While the eventual construction is self-evident to contemporary readers, the airport was only finally opened after many years of protest and delays which eventually culminated in one of the largest riots in Postwar Japan and several deaths (Bowen 1975, 598). Ultimately, it was the delayed opening of a section of Narita Airport that halted the momentum of the Hantai Dōmei protest group, although this group continued to resist further land acquisition and construction for decades (Low et al 1999, 170-171). Even the 2002 opening of a new runway met with complications stemming from opposition in the local community (VOA 2009). This means that while state policy and discourse in the last two decades have been favourable to the domestic agricultural industry, it is not perceived as such in public discourse. Often, the decline of the agricultural industry and its declining population are tacitly laid at the feet of import-minded state officials.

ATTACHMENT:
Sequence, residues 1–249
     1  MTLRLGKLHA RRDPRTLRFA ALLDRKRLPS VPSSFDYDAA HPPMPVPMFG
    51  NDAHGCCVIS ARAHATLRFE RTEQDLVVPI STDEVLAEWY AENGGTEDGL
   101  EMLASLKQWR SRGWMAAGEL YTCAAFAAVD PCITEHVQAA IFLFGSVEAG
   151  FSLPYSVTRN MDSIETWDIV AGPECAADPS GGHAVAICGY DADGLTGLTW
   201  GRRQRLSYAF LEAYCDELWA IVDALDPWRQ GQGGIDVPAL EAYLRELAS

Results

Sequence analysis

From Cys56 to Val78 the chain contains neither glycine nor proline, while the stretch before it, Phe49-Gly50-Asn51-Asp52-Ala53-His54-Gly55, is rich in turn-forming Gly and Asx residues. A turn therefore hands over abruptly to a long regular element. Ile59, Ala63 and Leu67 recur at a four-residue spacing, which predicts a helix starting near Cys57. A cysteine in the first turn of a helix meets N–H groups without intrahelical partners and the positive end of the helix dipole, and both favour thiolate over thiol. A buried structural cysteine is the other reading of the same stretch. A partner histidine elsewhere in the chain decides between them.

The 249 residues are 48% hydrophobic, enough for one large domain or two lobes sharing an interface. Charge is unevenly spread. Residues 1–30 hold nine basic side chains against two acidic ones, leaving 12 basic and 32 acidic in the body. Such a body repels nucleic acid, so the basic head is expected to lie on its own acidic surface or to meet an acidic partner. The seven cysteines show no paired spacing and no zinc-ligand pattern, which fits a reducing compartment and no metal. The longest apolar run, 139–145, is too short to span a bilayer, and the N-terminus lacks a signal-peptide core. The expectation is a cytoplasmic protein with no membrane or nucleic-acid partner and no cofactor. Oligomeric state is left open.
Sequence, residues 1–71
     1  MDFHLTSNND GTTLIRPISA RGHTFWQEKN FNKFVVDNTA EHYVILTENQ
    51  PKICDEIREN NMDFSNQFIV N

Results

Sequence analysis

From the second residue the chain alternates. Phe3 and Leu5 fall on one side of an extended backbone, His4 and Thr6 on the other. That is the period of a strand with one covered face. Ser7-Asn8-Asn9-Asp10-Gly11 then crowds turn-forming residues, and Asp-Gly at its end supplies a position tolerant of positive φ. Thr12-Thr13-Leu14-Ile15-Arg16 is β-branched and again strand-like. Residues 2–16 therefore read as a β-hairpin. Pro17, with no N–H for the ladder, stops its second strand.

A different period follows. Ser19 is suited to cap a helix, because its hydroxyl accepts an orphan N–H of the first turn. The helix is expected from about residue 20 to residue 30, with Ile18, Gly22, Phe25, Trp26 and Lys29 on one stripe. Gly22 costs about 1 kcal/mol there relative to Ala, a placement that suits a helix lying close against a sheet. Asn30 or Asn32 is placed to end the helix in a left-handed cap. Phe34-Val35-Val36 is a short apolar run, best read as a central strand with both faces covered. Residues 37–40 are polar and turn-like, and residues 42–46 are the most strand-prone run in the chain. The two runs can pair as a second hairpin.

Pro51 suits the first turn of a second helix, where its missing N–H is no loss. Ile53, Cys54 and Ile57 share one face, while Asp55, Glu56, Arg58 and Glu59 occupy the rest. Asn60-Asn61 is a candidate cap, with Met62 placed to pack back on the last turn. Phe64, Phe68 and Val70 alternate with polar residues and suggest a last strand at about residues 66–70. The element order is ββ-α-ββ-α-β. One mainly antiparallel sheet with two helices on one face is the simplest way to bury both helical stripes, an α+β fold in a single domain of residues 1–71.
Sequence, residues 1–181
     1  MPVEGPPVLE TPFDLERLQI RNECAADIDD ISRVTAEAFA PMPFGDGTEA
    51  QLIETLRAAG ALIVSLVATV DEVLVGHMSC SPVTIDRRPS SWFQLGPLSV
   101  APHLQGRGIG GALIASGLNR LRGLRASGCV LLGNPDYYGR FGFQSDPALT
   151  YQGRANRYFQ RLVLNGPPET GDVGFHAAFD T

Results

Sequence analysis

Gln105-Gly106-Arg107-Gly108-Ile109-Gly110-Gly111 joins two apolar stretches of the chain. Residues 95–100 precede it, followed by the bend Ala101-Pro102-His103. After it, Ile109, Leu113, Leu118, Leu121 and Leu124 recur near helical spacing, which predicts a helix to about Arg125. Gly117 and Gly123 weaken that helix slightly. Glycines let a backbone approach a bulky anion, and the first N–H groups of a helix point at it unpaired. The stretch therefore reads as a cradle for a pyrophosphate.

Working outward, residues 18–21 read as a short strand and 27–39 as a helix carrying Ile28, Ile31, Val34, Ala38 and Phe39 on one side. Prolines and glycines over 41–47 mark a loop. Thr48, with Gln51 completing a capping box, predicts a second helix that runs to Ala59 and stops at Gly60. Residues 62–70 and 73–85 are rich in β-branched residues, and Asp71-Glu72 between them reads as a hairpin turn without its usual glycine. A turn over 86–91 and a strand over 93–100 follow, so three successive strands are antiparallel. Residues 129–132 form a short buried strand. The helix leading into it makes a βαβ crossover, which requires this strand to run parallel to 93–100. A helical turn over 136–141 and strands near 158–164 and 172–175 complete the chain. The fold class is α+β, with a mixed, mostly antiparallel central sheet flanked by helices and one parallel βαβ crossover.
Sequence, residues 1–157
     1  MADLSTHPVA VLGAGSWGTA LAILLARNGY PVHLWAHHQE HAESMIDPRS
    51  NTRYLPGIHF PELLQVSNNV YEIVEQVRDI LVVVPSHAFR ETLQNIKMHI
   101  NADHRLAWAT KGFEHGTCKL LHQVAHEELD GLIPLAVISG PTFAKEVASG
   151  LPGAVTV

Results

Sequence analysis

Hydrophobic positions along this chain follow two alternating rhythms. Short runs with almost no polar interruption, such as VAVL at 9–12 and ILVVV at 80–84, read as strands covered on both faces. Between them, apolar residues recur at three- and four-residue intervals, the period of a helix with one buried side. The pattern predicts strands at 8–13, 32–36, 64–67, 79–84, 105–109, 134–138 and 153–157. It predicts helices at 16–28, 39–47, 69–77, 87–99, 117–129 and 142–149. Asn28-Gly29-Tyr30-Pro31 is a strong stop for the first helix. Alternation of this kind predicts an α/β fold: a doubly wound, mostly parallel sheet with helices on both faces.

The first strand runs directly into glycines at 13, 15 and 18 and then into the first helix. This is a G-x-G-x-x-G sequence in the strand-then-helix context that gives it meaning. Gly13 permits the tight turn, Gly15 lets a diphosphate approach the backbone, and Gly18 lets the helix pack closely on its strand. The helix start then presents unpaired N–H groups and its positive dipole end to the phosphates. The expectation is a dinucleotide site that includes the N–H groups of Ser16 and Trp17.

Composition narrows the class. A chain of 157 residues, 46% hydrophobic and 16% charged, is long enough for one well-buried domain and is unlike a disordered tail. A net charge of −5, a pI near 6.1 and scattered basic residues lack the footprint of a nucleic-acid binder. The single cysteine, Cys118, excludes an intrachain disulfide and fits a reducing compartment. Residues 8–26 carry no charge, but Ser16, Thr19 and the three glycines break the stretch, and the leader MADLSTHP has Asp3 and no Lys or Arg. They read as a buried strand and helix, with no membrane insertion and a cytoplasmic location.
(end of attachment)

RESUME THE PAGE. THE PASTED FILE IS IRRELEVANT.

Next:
While European examples are more commonly discussed, Japan was no stranger to the draw of the rural community as a touchstone for national identity. Early versions of linguistic nationalism, founded in the belief that there is an ideal form of the Japanese language, existed in Japan as early as the life of Ueda Akinari who engaged in discussions connected to the Kokugaku movement, in addition to his more widely known literary works (Najita & Scheiner (ed.) 1978, 63-64). While this movement looked towards the imagined distant and less Sinofied past, more recent scholars who have been more deeply affected by nationalist discourse on an international level have looked more towards the countryside. Authors such as Yanagita Kunio—who is widely known for his work The Legends of Tono — have explored the culture and practices of those living in the more rural regions of Japan. Even the pre-war nationalist Kita Ikki drew a certain amount of credibility due to his early life in the far north of Honshu. This idea of a purer Japanese nation was further reflected in anthropological works such as Miyamoto Tsuneichi’s1 1984 work 忘れた日本人that collected the recollections of elderly rural farmers.Later scholars, such as Ohnuki-Tierney and Oguma, have noted that agriculture (particularly rice cultivation) has assumed the central position in this rhetoric.